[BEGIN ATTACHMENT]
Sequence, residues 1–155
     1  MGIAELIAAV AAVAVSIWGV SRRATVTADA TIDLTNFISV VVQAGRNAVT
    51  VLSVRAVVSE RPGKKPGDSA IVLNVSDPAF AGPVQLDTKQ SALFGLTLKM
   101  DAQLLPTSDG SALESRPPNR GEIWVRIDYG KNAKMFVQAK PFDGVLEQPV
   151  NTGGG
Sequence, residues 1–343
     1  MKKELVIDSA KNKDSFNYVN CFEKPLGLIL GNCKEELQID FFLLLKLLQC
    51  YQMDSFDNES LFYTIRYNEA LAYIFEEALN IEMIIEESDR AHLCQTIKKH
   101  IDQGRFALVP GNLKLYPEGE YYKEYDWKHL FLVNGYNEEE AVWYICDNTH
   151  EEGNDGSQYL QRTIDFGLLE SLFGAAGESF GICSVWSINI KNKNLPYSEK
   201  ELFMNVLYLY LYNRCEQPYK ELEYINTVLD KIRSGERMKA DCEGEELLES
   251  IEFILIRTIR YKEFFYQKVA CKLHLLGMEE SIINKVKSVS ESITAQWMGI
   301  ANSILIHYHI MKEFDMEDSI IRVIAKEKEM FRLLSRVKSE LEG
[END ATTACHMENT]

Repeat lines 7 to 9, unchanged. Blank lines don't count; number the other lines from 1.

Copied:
     1  MKKELVIDSA KNKDSFNYVN CFEKPLGLIL GNCKEELQID FFLLLKLLQC
    51  YQMDSFDNES LFYTIRYNEA LAYIFEEALN IEMIIEESDR AHLCQTIKKH
   101  IDQGRFALVP GNLKLYPEGE YYKEYDWKHL FLVNGYNEEE AVWYICDNTH